The Brian Jonestown Massacre
“The simple answer is I love the word. Most of the time I would classify my work ‘sruti,’ i.e. [the] ‘what is heard,’ definition of the word ‘revelation.’ But on this album and with these songs, there was nothing. No ideas and no guidance and I was still able to create the record for me. That was a revelation.”
Anton Newcombe, founder and leader of psychedelic rock band The Brian Jonestown Massacre, has never been shy about mixing spiritual overtones with his music. Whether penning song lyrics that mention Jesus, God and even the Devil, or describing his own creative process, like in the quote above, with a markedly mystical aura, Newcombe has always seemed like a songwriter with one eye on the otherworldly.
Now on his newest record, and first to be solely recorded and produced at his own studio in Berlin, Germany, the indie rocker who once sang of praying to “to Buddah, to Allah, and Jim [Jones],” has crafted a song cycle as prophetic as it is apocalyptic.
Featuring vocals sung in Swedish by musician Joachim Alhund, the opening track on Revelation “Vad Hände Med Dem?” is a bracing introduction. Rapid-fire drums push the song forward relentlessly as Alhund’s words bubble up in the mix like directions from a tour guide.
Elsewhere, “What You Isn’t” pays a hazy nod to such past BJM cuts as “You Have Been Disconnected” and “Open Heart Surgery” from 2001’s Bravery, Repetition and Noise. The song’s rhythm simmers instead of boils, creating a foundation for lines about walking “through the fire and the fear” and breaking down the “walls of glass.”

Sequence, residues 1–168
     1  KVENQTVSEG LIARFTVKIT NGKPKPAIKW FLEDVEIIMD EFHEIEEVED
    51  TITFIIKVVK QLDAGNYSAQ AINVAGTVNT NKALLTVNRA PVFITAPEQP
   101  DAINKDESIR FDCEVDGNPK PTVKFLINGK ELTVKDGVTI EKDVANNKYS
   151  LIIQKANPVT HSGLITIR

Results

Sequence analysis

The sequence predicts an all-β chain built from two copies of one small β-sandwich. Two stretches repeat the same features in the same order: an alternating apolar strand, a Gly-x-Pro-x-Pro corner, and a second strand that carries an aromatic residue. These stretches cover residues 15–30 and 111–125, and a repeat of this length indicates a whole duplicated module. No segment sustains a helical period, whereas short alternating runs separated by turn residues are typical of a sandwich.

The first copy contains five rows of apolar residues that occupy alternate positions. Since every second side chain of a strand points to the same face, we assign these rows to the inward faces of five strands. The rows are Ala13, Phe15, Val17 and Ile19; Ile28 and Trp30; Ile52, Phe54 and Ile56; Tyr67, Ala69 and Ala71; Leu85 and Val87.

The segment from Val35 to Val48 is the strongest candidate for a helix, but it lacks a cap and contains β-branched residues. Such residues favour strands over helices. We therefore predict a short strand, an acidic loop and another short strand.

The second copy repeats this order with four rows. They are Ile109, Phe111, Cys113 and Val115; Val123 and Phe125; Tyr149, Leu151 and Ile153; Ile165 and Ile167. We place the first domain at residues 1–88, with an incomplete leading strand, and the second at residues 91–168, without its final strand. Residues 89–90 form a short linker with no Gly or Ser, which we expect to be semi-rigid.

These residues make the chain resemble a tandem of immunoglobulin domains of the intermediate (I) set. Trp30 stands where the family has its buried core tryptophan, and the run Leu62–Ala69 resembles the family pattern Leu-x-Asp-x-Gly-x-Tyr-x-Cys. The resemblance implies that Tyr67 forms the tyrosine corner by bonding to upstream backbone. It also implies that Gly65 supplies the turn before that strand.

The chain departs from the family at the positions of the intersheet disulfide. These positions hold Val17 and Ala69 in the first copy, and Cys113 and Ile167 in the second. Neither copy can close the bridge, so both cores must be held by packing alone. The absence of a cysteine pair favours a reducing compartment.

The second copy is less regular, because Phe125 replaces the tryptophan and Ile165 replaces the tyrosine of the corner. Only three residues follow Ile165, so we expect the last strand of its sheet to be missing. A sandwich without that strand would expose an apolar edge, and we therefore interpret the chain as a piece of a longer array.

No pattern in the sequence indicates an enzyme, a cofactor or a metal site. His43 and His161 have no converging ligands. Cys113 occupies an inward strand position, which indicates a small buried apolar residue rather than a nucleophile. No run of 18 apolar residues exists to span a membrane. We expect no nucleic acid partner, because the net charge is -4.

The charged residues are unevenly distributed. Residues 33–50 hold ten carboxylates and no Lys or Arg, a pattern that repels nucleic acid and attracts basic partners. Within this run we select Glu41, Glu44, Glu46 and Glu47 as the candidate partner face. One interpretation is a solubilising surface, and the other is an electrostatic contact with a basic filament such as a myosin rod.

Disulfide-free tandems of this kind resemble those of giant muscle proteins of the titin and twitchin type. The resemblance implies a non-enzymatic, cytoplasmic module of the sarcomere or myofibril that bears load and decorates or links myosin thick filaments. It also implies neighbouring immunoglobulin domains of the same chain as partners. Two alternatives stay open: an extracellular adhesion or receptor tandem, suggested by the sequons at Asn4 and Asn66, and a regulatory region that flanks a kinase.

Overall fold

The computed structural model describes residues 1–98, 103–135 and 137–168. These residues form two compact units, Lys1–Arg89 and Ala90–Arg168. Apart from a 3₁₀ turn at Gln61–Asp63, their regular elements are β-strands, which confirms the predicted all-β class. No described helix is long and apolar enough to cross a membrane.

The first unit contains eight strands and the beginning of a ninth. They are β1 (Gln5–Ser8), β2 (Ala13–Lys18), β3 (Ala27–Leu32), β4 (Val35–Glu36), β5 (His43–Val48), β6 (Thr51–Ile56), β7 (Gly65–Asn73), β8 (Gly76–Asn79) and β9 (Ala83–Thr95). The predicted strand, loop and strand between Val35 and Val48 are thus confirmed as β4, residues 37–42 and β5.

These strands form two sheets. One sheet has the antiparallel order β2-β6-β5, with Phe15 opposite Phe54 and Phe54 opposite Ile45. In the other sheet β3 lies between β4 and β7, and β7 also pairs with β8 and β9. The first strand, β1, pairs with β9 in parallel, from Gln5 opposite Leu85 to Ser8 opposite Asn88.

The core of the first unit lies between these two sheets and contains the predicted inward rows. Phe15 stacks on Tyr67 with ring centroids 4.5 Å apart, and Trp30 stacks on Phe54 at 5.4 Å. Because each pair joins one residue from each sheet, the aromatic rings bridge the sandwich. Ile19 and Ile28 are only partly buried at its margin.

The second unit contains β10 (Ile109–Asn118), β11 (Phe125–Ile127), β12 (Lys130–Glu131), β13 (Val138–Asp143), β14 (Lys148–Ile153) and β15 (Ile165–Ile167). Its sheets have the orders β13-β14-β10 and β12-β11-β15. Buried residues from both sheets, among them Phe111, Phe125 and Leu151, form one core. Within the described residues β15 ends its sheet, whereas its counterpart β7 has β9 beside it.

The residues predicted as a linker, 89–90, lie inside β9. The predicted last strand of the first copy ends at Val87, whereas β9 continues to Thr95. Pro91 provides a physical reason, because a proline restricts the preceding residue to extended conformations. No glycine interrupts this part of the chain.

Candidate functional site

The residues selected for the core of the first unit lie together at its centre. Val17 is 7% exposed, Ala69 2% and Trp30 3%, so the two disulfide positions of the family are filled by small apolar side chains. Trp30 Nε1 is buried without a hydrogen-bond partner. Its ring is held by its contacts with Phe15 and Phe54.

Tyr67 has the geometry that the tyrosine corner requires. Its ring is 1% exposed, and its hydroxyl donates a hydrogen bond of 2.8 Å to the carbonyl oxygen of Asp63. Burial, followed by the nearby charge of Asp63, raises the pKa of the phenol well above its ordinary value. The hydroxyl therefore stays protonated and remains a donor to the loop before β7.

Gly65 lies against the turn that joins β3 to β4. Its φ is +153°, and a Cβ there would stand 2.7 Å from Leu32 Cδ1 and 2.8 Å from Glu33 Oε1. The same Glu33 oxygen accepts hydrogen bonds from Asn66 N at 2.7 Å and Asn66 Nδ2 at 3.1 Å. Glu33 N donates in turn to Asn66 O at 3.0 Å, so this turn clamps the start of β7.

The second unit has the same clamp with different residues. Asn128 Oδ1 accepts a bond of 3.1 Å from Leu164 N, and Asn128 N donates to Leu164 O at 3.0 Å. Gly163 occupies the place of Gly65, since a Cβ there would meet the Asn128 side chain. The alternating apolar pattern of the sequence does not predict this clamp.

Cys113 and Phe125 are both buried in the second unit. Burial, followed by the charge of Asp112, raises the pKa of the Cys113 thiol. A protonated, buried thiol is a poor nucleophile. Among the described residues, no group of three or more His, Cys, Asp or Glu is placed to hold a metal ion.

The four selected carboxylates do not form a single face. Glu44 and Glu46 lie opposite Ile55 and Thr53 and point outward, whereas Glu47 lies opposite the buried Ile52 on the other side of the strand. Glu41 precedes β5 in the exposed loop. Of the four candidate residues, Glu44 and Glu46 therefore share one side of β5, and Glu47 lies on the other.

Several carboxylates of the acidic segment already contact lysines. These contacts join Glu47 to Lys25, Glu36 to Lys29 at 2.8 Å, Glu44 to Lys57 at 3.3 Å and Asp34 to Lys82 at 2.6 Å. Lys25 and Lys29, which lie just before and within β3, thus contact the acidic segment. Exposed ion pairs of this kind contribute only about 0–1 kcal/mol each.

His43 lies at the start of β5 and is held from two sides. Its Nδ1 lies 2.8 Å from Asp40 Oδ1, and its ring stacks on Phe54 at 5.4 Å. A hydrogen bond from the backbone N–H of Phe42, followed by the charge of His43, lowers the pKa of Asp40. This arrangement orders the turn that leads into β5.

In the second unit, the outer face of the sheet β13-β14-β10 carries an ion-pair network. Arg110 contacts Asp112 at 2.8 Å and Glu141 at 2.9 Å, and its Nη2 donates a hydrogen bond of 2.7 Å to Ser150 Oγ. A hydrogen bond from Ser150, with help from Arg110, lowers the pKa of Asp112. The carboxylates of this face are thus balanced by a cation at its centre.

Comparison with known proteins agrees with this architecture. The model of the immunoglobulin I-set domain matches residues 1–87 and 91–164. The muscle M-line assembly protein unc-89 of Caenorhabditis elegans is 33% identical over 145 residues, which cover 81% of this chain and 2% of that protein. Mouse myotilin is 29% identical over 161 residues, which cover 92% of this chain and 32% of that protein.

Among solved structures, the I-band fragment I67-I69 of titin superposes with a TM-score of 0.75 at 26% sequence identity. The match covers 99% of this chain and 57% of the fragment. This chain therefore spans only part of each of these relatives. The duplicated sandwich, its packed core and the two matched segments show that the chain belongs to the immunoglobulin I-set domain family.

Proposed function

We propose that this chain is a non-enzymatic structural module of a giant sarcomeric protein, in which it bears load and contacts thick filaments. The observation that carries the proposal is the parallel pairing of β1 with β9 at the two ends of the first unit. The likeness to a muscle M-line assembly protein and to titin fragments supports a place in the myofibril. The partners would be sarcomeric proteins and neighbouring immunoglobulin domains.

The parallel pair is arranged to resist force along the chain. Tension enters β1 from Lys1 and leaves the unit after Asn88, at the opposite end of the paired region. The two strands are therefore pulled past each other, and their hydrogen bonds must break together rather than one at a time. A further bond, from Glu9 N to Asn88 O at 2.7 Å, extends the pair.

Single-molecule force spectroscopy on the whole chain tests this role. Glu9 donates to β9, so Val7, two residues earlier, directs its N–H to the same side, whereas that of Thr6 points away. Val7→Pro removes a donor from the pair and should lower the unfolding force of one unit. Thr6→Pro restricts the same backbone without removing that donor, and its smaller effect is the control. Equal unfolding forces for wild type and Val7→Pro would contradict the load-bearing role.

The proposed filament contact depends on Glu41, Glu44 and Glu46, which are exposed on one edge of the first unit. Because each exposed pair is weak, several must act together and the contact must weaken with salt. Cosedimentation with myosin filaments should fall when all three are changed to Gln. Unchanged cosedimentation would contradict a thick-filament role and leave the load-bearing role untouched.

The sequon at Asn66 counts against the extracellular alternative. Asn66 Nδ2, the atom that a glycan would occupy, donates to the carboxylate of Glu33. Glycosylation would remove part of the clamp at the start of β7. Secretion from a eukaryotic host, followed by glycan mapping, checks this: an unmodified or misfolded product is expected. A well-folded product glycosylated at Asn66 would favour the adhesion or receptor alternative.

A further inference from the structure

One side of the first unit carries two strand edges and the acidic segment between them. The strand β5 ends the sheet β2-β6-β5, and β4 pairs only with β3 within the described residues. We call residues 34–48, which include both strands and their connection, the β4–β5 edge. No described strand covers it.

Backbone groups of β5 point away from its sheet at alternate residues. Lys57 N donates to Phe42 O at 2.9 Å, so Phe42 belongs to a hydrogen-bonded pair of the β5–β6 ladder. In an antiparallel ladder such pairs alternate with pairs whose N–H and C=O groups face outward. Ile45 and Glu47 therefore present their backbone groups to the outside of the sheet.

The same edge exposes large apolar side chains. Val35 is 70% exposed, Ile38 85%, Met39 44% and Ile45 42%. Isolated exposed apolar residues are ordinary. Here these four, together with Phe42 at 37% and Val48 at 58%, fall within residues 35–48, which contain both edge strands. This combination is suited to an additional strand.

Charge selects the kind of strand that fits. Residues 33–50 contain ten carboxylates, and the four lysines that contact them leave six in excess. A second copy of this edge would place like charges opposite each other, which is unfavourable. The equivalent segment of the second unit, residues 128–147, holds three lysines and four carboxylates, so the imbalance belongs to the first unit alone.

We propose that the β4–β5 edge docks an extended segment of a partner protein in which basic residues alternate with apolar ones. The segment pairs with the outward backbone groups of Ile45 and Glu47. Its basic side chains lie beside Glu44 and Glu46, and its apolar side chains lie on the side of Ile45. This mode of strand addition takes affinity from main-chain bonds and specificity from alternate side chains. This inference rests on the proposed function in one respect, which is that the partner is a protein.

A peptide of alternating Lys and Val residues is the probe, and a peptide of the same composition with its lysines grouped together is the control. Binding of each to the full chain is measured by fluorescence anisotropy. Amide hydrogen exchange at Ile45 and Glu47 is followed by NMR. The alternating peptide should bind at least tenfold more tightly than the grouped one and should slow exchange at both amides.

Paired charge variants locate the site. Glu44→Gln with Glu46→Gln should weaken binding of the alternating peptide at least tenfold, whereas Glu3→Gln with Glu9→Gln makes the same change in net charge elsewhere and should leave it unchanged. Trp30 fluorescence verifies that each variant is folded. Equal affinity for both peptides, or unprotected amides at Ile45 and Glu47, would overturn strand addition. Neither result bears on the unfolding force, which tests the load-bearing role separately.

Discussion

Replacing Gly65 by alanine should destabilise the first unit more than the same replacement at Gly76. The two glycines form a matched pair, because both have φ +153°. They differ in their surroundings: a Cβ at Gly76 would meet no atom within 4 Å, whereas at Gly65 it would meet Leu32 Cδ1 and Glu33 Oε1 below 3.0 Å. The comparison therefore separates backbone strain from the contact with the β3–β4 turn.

For those with a soft spot for older Massacre material, a welcome return on Revelation is made by Newcombe’s use of guitar and other classic rock instrumentation. Where records like 2012’s Aufheben and 2010’s Who Killed Sgt. Pepper? traded liberally in electronic-aided grooves and beats, here acoustic strums and loose electric leads star prominently, adding swaying layers to several numbers jam-like feel. Yet, even though songs like “Days, Weeks and Moths” and “Memory Camp” may appear improvised, neither overstays its welcome, coming in at under five and under six minutes respectively.
More eclectic influences do reappear on Revelation’s second side. The wordless “Second Sighting” feels like an ornate recital with sighing strings and medieval flute, while “Fistful of Bees” displays a more gothic pedigree that includes a lumbering beat and ‘80s synth-work. The latter track even resembles a plodding beast strait out of the Book of Revelation itself, promising to leave nothing but death and destruction in its wake.
Listen to "Fistful of Bees" from The Brian Jonestown Massacre album "Revelation" here:
How odd it is then that Newcombe follows “Bees” with the almost entirely acoustic “Nightbird” and the rave-up worthy “Xibalba.” Like small rewards waiting on shore after listeners weather a mighty storm, each song seems to signify that the worst is over and one has reached the other side alive and emboldened by the adventure signified by the previous 10 tracks.
By the time Revelation ends with the “Goodbye (Butterfly),” the finale feels like a movie’s closing credits. Newcombe has spoken before of his wish to work on film soundtracks, and he illustrates his skill clearly with “hoo, hoo” backing vocals and churning acoustic guitar over rising and falling synthesizer sounds.
“Funny how time flies,” he sings.
Fans of the BJM might think the same thing, especially as they rush back to start the record over again.
For more information on The Brian Jonestown Massacre please visit www.brianjonestownmassacre.com.
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